1. Buzz Marketing: Using high-profile entertainment or news to get people to talk about your brand.
  2. Viral Marketing: Creating entertaining or informative messages that are designed to be passed along in an exponential fashion, often digitally or by e-mail.
  3. Community Marketing: Forming or supporting niche communities that are likely to share interests about the brand (e.g., user groups or fan clubs) and providing content for them.
  4. Grassroots Marketing: Organizing and motivating volunteers to engage in personal or local outreach.
  5. Evangelist Marketing: Cultivating evangelists, advocates, or volunteers who are encouraged to take a leadership role in actively spreading the word on your behalf.
  6. Product Seeding: Placing the right product into the right hands at the right time, providing information or samples to influential individuals.
  7. Influencer Marketing: Identifying key communities and opinion leaders who are likely to talk about products and have the ability to influence the opinions of others.
  8. Cause Marketing: Supporting social causes to earn respect and support from people who feel strongly about the cause.
  9. Conversation Creation: Interesting or fun advertising, e-mails, catch phrases, entertainment, or promotions designed to start word-of-mouth activity.
  10. Brand Blogging: Creating blogs and participating in the blogosphere; sharing information of value that the blog community may talk about.
  11. Referral Programs: Creating tools that enable satisfied customers to refer their friends.

Some may argue that not all these programs should fall under the WOM umbrella.  I would argue that it really doesn’t matter.  Programs like these will get people talking about your brand.  And the more people are talking, the more opportunities you are creating to sell!

— Ellen Repasky, SVP, Account Director

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The Internet Summit—One point worth repeating

I had the pleasure of attending the third annual Internet Summit, held in Raleigh, N.C. Two days of wall-to-wall presentations and conversation on the future of the Web, social media, mobile marketing, online video, privacy, security, you name it and someone was talking about it.

One of the keynote speakers at an eye-opening 8 AM was Chip Perry, president and CEO of AutoTrader.com. AutoTrader.com generates over $500 million in revenue each year and has an eye-popping 3.5 million new and used vehicles listed. AutoTrader.com is part of Cox Enterprises, which also owns Manheim, a client of ours. In fact, Mr. Perry was asked by Manheim to launch AutoTrader.com and was its first employee, back in the day. The company is now considered to be the world’s largest online automotive marketplace, and Mr. Perry is recognized as a pioneer in the industry.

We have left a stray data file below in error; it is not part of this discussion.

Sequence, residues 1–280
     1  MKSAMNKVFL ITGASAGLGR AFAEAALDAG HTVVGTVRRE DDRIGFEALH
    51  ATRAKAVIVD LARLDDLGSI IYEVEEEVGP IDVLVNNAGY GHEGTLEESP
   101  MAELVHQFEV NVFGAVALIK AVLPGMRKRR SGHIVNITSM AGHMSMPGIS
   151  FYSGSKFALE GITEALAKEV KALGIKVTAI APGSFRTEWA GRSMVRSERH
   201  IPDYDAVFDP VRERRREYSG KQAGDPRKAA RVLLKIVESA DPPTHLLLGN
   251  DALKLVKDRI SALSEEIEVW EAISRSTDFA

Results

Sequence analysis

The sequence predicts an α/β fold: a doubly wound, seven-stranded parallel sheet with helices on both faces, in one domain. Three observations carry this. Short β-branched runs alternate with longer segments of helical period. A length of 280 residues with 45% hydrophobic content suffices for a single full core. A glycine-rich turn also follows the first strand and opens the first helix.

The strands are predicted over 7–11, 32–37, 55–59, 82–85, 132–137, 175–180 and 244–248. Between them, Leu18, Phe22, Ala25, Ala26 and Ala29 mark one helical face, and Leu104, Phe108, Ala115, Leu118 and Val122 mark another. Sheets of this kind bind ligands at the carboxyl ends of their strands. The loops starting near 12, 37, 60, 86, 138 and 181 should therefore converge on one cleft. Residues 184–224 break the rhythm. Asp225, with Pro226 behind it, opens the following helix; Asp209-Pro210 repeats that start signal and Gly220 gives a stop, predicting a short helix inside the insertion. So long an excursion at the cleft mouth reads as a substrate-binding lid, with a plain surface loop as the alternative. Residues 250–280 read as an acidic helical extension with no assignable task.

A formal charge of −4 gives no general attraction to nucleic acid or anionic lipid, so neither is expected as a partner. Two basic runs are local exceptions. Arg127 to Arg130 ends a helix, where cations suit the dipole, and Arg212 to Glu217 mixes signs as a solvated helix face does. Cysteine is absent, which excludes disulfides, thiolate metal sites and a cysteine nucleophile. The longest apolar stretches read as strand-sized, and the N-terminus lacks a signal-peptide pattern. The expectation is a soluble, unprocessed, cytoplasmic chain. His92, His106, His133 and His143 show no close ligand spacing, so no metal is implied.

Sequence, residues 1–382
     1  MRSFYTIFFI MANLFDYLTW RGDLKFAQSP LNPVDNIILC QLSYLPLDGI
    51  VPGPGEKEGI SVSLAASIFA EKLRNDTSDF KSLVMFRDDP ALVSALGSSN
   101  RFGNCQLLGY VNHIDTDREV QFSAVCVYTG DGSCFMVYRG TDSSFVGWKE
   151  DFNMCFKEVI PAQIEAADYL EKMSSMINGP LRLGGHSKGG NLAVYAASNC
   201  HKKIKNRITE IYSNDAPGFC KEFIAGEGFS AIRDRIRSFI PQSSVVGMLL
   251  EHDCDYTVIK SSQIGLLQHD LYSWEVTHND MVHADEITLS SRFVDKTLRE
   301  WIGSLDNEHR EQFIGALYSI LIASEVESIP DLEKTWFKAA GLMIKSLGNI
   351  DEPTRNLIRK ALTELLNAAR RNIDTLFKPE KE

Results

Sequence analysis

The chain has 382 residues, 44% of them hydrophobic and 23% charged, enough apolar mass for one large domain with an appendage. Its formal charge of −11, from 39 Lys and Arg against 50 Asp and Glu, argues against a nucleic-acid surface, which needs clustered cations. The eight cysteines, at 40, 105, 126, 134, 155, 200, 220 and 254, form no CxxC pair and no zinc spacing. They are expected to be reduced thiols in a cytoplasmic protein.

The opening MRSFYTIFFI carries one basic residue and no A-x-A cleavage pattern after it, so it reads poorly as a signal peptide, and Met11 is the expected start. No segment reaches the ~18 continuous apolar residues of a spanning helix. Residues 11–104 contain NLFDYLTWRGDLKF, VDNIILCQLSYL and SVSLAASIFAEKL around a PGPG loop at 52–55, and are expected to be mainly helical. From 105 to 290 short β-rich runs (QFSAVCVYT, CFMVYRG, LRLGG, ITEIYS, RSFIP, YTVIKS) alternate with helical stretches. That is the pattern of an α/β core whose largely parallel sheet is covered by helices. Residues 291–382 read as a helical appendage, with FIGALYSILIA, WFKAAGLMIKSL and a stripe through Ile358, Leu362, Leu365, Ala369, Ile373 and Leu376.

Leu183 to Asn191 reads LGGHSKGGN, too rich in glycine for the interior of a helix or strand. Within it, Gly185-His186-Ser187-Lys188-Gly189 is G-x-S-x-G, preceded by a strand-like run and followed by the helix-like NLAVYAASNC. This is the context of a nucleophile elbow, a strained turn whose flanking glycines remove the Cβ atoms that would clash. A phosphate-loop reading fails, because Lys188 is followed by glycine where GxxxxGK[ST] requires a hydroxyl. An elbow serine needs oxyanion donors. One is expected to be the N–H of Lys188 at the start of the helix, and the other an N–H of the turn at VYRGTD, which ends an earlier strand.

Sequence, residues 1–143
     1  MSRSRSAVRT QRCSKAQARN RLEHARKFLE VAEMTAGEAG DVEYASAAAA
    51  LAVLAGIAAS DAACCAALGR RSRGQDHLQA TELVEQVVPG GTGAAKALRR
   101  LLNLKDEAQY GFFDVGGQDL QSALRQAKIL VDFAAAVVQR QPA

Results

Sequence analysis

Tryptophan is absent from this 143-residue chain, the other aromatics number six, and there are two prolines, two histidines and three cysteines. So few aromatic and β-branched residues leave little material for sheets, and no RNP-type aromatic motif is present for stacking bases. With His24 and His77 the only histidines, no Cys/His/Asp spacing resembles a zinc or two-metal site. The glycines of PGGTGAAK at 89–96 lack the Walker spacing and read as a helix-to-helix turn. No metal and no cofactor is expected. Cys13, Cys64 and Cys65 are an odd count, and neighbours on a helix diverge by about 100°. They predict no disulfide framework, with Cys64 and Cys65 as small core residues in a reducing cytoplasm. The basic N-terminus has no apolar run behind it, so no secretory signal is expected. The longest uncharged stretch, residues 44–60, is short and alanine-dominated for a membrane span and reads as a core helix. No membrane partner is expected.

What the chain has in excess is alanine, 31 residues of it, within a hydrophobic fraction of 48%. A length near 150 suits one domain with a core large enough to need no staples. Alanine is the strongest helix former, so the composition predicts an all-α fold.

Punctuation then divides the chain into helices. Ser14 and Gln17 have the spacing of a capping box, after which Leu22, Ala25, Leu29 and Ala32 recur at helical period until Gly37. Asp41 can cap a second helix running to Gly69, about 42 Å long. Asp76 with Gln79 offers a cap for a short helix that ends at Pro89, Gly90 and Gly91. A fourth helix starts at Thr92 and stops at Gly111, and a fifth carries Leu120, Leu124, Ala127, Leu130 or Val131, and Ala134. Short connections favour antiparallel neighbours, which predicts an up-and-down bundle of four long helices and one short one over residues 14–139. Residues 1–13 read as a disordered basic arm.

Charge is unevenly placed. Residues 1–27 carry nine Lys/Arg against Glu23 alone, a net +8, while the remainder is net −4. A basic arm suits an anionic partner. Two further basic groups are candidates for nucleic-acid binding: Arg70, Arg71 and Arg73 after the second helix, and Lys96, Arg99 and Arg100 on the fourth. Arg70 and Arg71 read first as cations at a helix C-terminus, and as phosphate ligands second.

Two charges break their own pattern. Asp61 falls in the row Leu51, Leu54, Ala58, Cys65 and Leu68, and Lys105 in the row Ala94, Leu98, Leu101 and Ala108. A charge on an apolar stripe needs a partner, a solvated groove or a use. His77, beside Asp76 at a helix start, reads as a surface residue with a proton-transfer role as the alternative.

What I found the most fascinating about Mr. Perry’s presentation was one simple point. It was quite striking, especially in light of the venue and reason we had all gathered together.

He said, “Success is more about business fundamentals and common sense than it is about the Internet.”

The point should resonate with brands, businesses, and marketers in the throes of the technology tsunami. It’s easy to get caught up in your underwear over the latest widget, gadget, etc. The basics still remain the basics. Know your customers. Respond to their needs. Use technology as a tool, not as a strategy in and of itself.

– Chris Schlegel, Principal, Chief Creative Officer

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Drowning in data? Start with a clear strategy to effectively measure your marketing.

Analytics, Dashboards, Scorecards, ROI – these are some of today’s hottest marketing buzzwords, yet the industry still struggles to achieve true accountability.  It’s not that we don’t aspire to it:

  • Increased accountability is a key aspect of the ANA’s Marketers’ Constitution
  • 31 percent of respondents to the CMO Council State of Marketing Study indicated that they intend to improve marketing performance measurement in the next year
  • Another 32 percent of study respondents said they will also be looking to upgrade customer data integration and analytics.

Marketers are not suffering from a lack of information – we’re drowning in Google Analytics reports, Webtrends data, Social Media sentiment charts, Facebook friends, CPCs, and CTRs.  The issue is more a lack of actionable insights.  Just because something can be quantified, doesn’t mean it is valuable.

Data and analytics are only as good as the objectives that drive them.  Data without strategy is nothing more than the analytics equivalent of an Oscar-winning Sally Fields (You like me, you really like me, or as she actually said, You like me, right now, you really like me.)

Effective measurement must start with clearly stated, strategic marketing objectives.  Your plan will be even more actionable if those objectives are quantifiable, realistic, and aligned with business goals.  Most marketers would benefit from thinking in terms of KPIs – Key Performance Indicators – because the language itself demands an articulation of the performance that is expected as a result of the marketing efforts.

So, how can marketers achieve their accountability goals in 2011?

  • Focus on strategy before diving into the data
  • Don’t assume that the information is valuable just because it is a number
  • Identify and measure the path from engagement through conversion
  • Hold yourself accountable to real business results

And finally, heed the warning of the Cheshire Cat, who said, “If you don’t know where you are going, any road will get you there.”

— Pam Alvord, VP, Chief Strategist